GC: n

S: VWm – (last access: 2 October 2022); ScAm – (last access: 2 October 2022).

N: 1. 1630s, “internal knowledge,” from conscious + -ness. Meaning “state of being aware of what passes in one’s own mind” is from 1670s; meaning “state of being aware” of anything is from 1746. Consciousness-raising is attested from 1968.
2. consciousness, a psychological condition defined by the English philosopher John Locke as “the perception of what passes in a man’s own mind.”
3. In the early 19th century the concept was variously considered. Some philosophers regarded it as a kind of substance, or “mental stuff,” quite different from the material substance of the physical world. Others thought of it as an attribute characterized by sensation and voluntary movement, which separated animals and men from lower forms of life and also described the difference between the normal waking state of animals and men and their condition when asleep, in a coma, or under anesthesia (the latter condition was described as unconsciousness). Other descriptions included an analysis of consciousness as a form of relationship or act of the mind toward objects in nature, and a view that consciousness was a continuous field or stream of essentially mental “sense data,” roughly similar to the “ideas” of earlier empirical philosophers.
4. Consciousness vs Awareness: Consciousness and Awareness, both words seem to carry the same meaning, but they differ semantically as there is a difference between them. Both these terms function as nouns in the English language. Awareness is having knowledge of something. On the other hand, consciousness is the state of being aware of something and this can be regarded as more spiritual kind of definition. When a person is aware of something, he/she may feel it or just sense it without exactly knowing what it is. In contrast, somebody becomes conscious about something means that he/she is fully aware of or he/she has complete understanding over the substance. Let us look at the terms in detail.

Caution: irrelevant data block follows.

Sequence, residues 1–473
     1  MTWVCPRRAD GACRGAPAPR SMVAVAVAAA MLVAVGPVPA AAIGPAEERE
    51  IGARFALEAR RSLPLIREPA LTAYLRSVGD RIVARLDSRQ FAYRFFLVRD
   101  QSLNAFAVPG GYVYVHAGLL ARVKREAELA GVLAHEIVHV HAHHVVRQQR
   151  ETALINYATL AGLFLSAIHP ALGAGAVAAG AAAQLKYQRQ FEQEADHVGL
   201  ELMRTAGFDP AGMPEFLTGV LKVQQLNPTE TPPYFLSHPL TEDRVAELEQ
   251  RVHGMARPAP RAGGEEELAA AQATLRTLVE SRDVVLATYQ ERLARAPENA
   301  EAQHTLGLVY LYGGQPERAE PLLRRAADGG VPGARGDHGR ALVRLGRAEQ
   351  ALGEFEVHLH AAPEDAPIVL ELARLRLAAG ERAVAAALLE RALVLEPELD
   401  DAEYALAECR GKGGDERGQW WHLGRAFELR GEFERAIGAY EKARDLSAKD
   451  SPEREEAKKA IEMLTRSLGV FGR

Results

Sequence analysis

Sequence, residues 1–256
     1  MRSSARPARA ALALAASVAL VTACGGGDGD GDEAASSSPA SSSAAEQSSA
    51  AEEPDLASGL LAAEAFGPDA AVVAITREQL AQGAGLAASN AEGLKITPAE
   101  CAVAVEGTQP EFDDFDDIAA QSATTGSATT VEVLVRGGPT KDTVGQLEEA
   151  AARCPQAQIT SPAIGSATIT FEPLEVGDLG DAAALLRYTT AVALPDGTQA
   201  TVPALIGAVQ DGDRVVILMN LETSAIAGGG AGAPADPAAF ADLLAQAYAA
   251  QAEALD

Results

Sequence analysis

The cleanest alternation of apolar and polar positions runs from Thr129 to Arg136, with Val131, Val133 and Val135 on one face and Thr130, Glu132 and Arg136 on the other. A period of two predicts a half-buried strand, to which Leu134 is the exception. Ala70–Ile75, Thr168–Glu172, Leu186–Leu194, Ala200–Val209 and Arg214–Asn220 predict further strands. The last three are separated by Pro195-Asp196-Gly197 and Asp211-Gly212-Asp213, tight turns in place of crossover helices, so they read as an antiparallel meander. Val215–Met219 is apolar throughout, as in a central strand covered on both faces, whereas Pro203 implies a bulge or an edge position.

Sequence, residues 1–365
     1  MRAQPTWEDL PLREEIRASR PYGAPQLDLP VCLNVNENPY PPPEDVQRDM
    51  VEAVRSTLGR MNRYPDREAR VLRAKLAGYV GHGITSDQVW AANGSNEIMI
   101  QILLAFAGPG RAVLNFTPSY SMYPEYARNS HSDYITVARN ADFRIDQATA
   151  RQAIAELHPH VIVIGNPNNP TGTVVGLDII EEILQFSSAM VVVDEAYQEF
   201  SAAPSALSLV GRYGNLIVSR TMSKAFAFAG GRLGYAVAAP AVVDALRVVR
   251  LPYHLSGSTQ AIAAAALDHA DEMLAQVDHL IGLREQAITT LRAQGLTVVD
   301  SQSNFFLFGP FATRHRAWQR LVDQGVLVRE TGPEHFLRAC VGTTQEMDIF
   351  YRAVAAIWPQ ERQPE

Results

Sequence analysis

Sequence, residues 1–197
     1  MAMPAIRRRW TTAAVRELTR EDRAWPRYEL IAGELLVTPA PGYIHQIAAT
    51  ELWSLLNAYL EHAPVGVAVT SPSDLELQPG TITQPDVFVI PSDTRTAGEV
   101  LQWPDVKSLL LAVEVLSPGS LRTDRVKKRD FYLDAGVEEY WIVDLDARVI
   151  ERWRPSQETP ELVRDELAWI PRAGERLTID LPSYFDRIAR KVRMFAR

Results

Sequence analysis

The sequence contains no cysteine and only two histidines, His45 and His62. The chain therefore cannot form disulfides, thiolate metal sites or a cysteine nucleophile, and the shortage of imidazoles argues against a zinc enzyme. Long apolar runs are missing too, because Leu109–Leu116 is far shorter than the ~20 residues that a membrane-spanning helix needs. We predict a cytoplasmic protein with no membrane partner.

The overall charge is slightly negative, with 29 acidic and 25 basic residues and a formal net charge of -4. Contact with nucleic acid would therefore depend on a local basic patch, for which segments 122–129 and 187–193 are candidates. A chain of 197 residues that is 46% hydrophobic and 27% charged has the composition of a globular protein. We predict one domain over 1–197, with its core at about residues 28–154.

5. Conscience: The term “conscience” translates the Latin “conscientia”, which refers to sharing “knowledge” (scientia) “with” (con-), and which in turns translates the equivalent Greek term suneidenai (see Pierce 1955 and Sorabji 2014 for an etymological analysis of the term). The literal meaning of the term does not specify the type of knowledge involved and whom that knowledge is shared with. However, the concept has traditionally been used to refer to moral knowledge (we talk indifferently of conscience and moral conscience) that is shared with oneself. This reference to the self does not rule out that the source of the morality in question be external to the self. For example, it might be God, as in the Christian tradition, or the influence of one’s culture or of one’s upbringing, as in the Freudian theory of the Super-Ego. Reference to the self indicates that, from a psychological point of view, conscience involves introspection, awareness of one’s behavior, and self-assessment. As we shall see, although these aspects often overlap, they are psychologically and conceptually distinct functions.
6. Cultural Interrelation: Consciousness in Locke (2016) by Shelley Weinberg.

S: 1. OED – (last access: 2 October 2022). 2&3. EncBrit – (last access: 2 October 2022). 4. DB –,exactly%20knowing%20what%20it%20is. (last access: 2 October 2022). 5. STAND – (last access: 2 October 2022). 6. NDPR – (last access: 2 October 2022).


CR: mindfulness, prisoner of conscience.